Instead of a tart, I bring you this recipe for cast iron peach crostata, first featured by Taste of Home. It's an Italian version of an open-faced fruit tart, but the peach filling makes it all-American. This delicious recipe is less intimidating than pie because it doesn't have to be pretty, it's meant to look "rustic". Not only are crostatas easy to prepare, but they aren't too sweet. Before you put the filling in, let it sit for half an hour to let the peaches macerate and form a syrupy liquid. After removing the peaches with a slotted spoon, the liquid is cooked down to be used as a sweet sauce that's amazing drizzled over a scoop of ice cream.
Make this six-ingredient peach salsa in the food processor to save yourself lots of time chopping. Just don't pulverize it. The peaches do have to be cut by hand so you end up with quarter-inch chunks. This bright, spicy, and sweet salsa pairs well with fish and is best consumed within 24 hours of preparation before the peaches start to break down.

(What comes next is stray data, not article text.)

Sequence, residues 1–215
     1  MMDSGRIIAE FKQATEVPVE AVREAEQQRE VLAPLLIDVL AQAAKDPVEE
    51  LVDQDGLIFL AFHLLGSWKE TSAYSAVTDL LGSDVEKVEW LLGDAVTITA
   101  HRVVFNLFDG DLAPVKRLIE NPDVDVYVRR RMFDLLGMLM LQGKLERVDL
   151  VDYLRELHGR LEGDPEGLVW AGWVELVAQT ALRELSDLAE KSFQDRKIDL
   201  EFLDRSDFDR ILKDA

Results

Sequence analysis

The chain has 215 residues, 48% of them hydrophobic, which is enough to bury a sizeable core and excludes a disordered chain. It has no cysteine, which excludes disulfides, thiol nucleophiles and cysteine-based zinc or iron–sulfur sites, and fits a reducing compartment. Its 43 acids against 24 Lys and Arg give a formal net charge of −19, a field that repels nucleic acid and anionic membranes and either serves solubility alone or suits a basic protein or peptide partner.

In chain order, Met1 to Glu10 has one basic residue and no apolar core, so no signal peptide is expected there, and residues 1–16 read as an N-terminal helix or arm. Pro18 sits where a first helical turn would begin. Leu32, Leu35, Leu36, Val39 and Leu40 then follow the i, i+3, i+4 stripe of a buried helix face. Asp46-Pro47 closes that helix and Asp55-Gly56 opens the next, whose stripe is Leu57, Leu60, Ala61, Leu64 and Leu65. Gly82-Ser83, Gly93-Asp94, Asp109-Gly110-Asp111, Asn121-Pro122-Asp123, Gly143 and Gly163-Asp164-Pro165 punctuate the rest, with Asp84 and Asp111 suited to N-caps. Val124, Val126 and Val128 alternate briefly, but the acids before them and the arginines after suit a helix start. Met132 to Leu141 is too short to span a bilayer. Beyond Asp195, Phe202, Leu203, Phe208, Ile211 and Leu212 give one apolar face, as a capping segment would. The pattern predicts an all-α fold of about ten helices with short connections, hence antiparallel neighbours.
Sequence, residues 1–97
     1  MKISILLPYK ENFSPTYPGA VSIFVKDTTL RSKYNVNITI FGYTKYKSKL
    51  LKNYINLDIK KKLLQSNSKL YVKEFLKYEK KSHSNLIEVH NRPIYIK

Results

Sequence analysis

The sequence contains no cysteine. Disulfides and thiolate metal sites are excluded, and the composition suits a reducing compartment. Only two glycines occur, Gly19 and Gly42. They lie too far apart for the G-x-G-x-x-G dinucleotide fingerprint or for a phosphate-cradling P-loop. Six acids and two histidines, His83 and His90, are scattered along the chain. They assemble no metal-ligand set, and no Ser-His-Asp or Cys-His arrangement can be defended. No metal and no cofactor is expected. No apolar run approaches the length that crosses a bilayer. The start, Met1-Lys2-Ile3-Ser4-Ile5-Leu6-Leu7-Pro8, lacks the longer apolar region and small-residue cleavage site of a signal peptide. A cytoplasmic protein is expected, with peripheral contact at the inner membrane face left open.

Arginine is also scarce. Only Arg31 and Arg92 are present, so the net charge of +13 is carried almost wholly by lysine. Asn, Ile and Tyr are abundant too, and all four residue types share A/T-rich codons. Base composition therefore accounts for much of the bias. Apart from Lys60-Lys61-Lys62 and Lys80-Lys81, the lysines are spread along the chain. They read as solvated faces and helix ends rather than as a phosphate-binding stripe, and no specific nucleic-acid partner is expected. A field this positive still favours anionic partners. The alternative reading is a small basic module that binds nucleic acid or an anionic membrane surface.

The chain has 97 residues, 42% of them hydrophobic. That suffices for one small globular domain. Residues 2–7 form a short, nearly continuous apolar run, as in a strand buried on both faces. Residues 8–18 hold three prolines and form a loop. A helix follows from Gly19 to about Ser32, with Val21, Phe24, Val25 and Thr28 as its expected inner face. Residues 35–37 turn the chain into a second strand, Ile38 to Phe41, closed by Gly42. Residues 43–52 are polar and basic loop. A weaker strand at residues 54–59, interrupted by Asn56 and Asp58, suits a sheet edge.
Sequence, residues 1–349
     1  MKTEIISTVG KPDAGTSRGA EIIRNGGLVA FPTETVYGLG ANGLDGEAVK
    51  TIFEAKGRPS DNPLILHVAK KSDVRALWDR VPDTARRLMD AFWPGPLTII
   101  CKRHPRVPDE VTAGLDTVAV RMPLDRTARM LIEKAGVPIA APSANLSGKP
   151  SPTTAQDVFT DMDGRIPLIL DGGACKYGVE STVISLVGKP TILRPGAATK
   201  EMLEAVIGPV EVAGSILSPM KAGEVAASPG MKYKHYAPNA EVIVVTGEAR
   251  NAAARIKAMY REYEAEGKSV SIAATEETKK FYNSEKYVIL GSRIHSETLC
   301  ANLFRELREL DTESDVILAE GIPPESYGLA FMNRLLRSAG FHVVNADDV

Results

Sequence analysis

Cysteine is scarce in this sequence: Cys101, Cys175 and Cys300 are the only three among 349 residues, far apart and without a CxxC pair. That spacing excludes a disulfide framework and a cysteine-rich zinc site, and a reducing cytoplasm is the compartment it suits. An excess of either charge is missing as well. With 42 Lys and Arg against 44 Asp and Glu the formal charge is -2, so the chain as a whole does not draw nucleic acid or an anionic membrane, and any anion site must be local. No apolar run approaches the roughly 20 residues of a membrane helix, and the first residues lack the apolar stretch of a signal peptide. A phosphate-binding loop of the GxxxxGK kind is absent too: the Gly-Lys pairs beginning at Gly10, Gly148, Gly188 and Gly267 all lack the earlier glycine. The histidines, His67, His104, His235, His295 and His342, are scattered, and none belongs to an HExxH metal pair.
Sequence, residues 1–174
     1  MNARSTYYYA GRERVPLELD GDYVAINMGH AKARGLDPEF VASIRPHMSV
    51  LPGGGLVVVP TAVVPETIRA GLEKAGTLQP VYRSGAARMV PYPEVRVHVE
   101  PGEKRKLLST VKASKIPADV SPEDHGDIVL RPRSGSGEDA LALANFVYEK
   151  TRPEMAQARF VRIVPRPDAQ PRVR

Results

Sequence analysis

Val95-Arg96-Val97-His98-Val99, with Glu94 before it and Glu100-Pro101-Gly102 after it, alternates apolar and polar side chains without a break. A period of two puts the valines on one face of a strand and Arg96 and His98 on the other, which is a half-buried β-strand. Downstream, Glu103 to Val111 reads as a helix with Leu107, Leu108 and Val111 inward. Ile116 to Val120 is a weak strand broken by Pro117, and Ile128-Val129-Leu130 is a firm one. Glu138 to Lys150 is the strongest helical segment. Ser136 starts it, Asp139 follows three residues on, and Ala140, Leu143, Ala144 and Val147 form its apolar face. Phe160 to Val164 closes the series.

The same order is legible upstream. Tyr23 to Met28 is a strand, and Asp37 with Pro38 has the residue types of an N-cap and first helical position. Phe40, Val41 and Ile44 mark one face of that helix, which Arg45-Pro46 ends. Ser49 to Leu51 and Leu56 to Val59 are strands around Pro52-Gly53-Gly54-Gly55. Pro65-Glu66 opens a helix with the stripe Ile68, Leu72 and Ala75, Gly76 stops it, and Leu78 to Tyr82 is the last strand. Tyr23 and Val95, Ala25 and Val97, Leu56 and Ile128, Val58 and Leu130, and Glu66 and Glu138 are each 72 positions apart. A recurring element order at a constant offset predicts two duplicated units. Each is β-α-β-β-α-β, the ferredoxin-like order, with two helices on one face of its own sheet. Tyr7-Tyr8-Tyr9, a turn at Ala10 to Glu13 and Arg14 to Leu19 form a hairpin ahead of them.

I quit drinking alcohol recently, but that doesn't mean I'm relegated to H2O for the rest of my life. Ginger is one of my new go-to's for booze-free beverages, and it adds just the right kick to this sweet and sour peach lemonade.
You've probably seen a version of these ridiculously easy peach dumplings made with apple slices and Mountain Dew. This is the same concept but uses ginger ale and peach slices instead. Pop a can of crescent rolls and these babies will be ready in 45 minutes. If that's too pedestrian for you, try your hand at these peach hand pies that are baked instead of fried.
Enjoy summertime flavor long after peach season has passed by preparing peach butter. It's pretty easy—just peel, pit, and puree the peaches in a food processor, then sweeten with sugar and reduce/thicken on the stovetop. That's when you stir in some cinnamon, ginger, and allspice, then let it cool so you can can it. (Why do we call it canning? Shouldn't it be jarring?) A couple dozen peaches will yield eight cups of puree. Spread it on your toast, spoon it over your ice cream, put it on your pork chops, or eat it right out of the jar—we won't judge.